Format

Send to

Choose Destination
Anesthesiol Clin. 2018 Dec;36(4):567-580. doi: 10.1016/j.anclin.2018.07.013.

Surgical Prehabilitation: Nutrition and Exercise.

Author information

1
Anesthesiology, Duke University School of Medicine, Duke University Health System, 5th Floor HAFS, DUMC 3094, 2301 Erwin Road, Durham, NC 27710, USA; Perioperative Medicine, University College London, Gower Street, London, WC1E 6BT, UK. Electronic address: john.whittle@duke.edu.
2
Nutrition Support Service, Duke Clinical Research Institute, Duke University Hospital, Duke University School of Medicine, 2400 Pratt Street, Durham, NC 27705, USA.
3
Critical Care Research Group, NIHR Biomedical Research Centre, University Hospital Southampton NHS Foundation Trust, University Road, Southampton, SO17 1BJ, UK.
4
Duke University School of Medicine, Duke University Health System, 5th Floor HAFS, DUMC 3094, 2301 Erwin Road, Durham, NC 27710, USA.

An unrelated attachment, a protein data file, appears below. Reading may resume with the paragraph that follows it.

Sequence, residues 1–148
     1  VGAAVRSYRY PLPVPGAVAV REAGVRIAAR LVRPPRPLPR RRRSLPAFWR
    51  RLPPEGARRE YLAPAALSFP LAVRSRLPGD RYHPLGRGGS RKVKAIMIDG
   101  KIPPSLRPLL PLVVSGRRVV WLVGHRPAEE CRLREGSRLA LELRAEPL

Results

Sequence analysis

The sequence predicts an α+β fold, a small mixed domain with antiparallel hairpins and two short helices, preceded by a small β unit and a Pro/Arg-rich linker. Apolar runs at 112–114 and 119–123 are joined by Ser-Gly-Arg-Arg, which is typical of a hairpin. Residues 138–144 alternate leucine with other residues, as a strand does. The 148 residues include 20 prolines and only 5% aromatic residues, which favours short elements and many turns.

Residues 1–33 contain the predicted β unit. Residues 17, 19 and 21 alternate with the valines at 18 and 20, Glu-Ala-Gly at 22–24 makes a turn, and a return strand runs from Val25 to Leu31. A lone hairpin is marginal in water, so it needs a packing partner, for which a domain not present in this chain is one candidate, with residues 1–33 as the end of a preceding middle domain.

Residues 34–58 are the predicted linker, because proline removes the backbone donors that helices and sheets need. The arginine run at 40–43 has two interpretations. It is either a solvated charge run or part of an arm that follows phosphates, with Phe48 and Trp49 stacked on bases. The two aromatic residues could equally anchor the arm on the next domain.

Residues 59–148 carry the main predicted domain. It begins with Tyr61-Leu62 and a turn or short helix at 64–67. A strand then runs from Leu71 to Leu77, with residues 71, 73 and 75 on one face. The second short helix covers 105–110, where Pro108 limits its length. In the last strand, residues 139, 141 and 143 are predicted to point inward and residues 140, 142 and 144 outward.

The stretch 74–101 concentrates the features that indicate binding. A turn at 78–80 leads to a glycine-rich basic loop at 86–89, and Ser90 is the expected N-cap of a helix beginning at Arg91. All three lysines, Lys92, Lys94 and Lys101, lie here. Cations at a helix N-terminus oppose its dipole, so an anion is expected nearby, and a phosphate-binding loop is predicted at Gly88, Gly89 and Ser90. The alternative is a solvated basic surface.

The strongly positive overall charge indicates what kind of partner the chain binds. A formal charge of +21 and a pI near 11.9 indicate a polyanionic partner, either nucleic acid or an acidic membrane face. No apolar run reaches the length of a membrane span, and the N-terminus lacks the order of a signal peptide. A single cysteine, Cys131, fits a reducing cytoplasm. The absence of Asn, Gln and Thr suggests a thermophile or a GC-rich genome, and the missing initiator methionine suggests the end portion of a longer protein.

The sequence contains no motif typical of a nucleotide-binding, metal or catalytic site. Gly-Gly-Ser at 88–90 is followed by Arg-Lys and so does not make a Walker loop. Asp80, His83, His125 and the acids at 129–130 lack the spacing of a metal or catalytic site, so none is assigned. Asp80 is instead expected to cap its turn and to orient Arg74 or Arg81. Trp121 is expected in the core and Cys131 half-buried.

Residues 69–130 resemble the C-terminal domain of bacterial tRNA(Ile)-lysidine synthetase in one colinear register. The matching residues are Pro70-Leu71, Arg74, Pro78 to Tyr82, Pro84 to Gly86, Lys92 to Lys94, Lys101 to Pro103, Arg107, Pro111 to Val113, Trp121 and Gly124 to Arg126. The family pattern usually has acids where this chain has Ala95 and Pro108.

Abstract

Complications after major surgery account for a disproportionate amount of in-hospital morbidity and mortality. Recent efforts have focused on preoperative optimization in an attempt to modify the risk associated with major surgery. Underaddressed, but important, modifiable risk factors are physical fitness and nutritional status. Surgical patients are particularly at risk of 3 related, but distinct, conditions: frailty, sarcopenia, and reduced physical fitness. Exercise-based prehabilitation strategies have shown promise in terms of improving aerobic fitness, although their impact on key clinical perioperative outcome measures have not been fully determined. Preoperative nutritional status also has a strong bearing on perioperative outcome.

KEYWORDS:

Exercise; Nutrition; Perioperative medicine; Prehabilitation; Preoptimization

Supplemental Content

Full text links

Icon for Elsevier Science
Loading ...
Support Center